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CBS Sports lists the 5 most important Bengals of all-time

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CBS Sports recently had the Bengals in their Franchise Five series, which had some interesting results.

Cincinnati Bengals vs Denver Broncos - December 24, 2006 Photo by Rich Gabrielson/NFLPhotoLibrary

CBS Sports is running an interesting series where they are determining the five most important players and coaches of each team. They recently posted their five Bengals that were most important to the franchise, and the results were pretty interesting.

Before we dive into it though it is important to note there were several stipulations here. Of the five, there would be one coach, one quarterback and three non-quarterbacks. CBS’s John Breech also enlisted the help of Dave Lapham (former Bengals and current color commentator for the team), Geoff Hobson of Bengals.com and Breech’s father, Jim Breech, who happens to be Cincinnati’s all-time leading scorer.

Those four worked together to come up with five names; the five most important Bengals of all-time. Three of them were unanimous.

Head coach Paul Brown, quarterback Ken Anderson, and offensive tackle Anthony Munoz, the only Bengals player in the Hall of Fame.

It is really, REALLY hard to argue with any of those three. Brown obviously founded the team on top of being a Hall of Fame coach, so it doesn’t get much more important than that. The only coaches who comes close are Marvin Lewis, who helped make Cincinnati relevant again in the 2000’s, and Sam Wyche who helped revolutionize the NFL with the hurry up offense as well as making a Super Bowl appearance. If either of those guys managed to win a Super Bowl, they’d likely take that spot, unfortunately the franchise had no such luck.

The quarterback being Anderson may have some debate to it, but it’s the right choice at the end of the day. Anderson may be the best quarterback not in the Hall of Fame, and displayed immense efficiency in an era where there was little at the position. His NFL record 70.6% completion percentage from 1982 stood until the modern era when only Drew Brees and Sam Bradford have ever topped it.

Anderson’s only real competition is the only other quarterback to appear in a Super Bowl for the Bengals: Boomer Esiason. It would be a great disrespect to not even mention him in this conversation. He won the MVP award in 1988, and was one of the premiere players of his era. However, Anderson’s statistics are more than Hall of Fame worthy, and Esiason falls just short of that mark. He finished a head above Andy Dalton, though, who despite holding quite a few Bengals’ passing records never managed to get over the playoff hump in Cincinnati.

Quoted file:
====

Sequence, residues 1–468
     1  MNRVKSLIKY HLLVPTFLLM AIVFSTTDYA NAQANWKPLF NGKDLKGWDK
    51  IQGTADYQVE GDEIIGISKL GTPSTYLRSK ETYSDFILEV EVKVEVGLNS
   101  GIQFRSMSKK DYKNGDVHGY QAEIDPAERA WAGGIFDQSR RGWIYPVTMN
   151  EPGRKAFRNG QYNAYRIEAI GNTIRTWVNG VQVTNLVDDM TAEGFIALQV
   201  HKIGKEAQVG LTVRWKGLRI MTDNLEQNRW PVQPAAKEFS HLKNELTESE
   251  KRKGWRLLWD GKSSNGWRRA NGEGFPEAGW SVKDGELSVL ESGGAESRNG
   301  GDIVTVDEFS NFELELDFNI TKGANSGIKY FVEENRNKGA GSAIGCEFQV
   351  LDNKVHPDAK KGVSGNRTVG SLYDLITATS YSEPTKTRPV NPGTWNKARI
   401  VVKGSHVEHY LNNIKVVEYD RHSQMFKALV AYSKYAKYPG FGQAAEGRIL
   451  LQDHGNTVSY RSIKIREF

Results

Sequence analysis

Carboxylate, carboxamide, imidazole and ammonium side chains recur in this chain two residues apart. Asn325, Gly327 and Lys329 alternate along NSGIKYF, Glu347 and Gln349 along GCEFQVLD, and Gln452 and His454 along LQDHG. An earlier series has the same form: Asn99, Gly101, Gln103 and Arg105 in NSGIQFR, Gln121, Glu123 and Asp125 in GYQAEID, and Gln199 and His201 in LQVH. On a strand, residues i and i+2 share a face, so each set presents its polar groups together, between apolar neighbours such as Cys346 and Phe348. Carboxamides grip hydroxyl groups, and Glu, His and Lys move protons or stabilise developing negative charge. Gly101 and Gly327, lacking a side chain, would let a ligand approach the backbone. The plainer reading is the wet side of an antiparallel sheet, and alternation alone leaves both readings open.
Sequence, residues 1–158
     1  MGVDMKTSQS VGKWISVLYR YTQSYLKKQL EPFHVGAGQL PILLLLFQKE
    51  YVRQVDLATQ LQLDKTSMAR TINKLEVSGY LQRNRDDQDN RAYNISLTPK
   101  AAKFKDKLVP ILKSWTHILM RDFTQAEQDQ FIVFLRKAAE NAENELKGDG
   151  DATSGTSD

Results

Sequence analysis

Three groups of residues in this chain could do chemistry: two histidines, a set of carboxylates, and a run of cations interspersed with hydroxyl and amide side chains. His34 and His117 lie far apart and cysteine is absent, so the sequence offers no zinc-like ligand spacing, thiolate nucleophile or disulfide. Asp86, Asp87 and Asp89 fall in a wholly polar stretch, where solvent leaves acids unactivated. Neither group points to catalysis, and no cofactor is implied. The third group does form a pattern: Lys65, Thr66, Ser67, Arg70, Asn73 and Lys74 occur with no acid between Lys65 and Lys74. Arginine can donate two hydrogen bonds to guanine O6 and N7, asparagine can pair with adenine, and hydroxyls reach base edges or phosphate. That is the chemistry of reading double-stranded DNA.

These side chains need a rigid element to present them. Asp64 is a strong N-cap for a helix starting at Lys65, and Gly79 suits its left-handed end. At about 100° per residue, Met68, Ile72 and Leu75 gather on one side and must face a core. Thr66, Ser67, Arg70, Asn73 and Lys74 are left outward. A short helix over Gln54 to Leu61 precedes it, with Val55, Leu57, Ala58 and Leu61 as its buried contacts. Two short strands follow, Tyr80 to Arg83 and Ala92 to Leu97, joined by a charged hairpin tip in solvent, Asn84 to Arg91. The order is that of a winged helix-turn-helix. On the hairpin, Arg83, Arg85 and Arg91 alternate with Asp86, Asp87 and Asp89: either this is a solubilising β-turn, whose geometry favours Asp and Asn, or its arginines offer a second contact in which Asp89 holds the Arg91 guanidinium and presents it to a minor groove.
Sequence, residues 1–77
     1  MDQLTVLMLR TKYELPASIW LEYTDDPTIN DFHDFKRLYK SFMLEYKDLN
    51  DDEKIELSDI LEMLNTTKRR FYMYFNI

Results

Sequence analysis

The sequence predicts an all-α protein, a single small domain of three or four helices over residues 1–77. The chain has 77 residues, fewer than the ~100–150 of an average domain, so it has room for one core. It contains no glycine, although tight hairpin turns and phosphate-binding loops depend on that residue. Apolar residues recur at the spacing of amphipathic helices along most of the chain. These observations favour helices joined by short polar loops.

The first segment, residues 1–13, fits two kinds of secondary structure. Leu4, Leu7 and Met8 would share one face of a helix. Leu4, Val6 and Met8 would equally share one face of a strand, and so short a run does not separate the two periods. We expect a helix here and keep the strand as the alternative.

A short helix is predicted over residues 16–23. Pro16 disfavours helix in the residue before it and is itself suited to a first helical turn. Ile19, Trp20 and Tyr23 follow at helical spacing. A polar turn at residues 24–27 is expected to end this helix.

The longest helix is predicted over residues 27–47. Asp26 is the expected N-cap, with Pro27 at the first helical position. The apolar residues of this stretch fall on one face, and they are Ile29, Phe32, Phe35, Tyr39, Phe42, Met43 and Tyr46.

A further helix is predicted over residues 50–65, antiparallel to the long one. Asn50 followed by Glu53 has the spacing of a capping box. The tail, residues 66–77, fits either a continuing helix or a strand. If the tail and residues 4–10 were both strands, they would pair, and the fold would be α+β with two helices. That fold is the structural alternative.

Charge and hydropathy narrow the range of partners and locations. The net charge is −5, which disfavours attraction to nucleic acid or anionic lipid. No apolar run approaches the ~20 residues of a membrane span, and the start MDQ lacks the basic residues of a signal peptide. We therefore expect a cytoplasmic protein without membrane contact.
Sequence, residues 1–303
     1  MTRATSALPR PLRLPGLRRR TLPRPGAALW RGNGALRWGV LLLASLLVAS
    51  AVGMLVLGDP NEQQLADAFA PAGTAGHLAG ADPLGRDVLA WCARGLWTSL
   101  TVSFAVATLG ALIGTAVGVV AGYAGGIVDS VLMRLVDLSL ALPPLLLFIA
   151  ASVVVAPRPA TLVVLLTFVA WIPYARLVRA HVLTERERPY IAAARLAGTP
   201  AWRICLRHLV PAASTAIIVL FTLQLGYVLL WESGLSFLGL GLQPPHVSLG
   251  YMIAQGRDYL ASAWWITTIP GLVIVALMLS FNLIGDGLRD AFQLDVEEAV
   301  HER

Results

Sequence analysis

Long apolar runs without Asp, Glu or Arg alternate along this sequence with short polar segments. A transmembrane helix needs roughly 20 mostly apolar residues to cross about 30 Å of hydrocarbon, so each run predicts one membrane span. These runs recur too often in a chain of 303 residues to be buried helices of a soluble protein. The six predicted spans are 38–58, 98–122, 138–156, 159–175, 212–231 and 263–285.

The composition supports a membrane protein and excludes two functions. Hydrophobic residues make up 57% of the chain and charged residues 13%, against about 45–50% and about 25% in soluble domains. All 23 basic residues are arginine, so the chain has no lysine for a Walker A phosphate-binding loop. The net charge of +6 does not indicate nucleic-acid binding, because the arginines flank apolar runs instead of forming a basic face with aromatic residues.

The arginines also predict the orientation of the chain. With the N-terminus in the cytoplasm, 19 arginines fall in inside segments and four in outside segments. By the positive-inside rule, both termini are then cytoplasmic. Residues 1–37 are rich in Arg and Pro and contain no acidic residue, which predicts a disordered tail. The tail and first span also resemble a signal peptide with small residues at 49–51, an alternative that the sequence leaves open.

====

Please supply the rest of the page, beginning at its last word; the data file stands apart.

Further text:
Let’s focus on the non-quarterback spots. Munoz is undoubtedly a must have here. Anyone arguing otherwise is trying too hard to out think the room. He was possibly the greatest Bengal player of all time, and he has also been included in countless all-decade teams as well as lists of the top players ever.

The other two spots become very difficult to fill. CBS’s group came up with two huge names at the same position: wide receivers Chad Johnson and Isaac Curtis.

Bengals fans may be a bit confused about the Curtis pick, but the group defends the selection pretty easily. His stats may not jump off the board when you look at modern numbers, but on his career he finished with 416 catches (compared to Lynn Swann’s 336), 53 touchdowns (compared to Swann’s 51) and 7,101 yards. He averaged 17.1 yards per catch, which was almost an entire yard more than John Stallworth (16.2 yards per catch).

Curtis’ contribution to the NFL went beyond his stats, though. In a 1973 playoff game against the Dolphins, Curtis was viewed as so much of an issue that the defenders would tackle him and manhandle him down the field every play. The 23-year old rookie at the time was held to a single catch, but it sparked a rule change that would forever change the NFL. Going forward, defensive backs couldn’t make contact with receivers past five yards on passing plays. This rule helped set into motion the high powered offenses we know today.

Johnson is an obvious addition that most modern fans would likely include. Not only does he still hold many of the Bengals’ all-time receiving records, but he is probably the reason many Bengals are here today (including the writer putting this article together). He not only helped make Cincinnati a more competitive team, but he put the Bengals’ into the national spotlight each week with his celebrations and various antics.

It is hard to kick out Curtis or Johnson for anyone, but one name that immediately comes to mind is defensive back Ken Riley, who recently passed away at the age of 72. He is still fifth on the all-time interceptions list. He totaled 65 interceptions before retiring after the 1983 season, and his absence from the Hall of Fame is still incredibly frustrating. He is easily one of the best defenders from Cincinnati, which is something CBS’s top five was severely lacking.

Ultimately, most Bengals fans would probably take out Curtis and insert Riley. The Rattler may never have played a part in a major rule change, but with Riley’s 65 picks those defenses wouldn’t have been the same. Although, that still isn’t an easy decision to make.

Who would your five most important of Bengals of all time?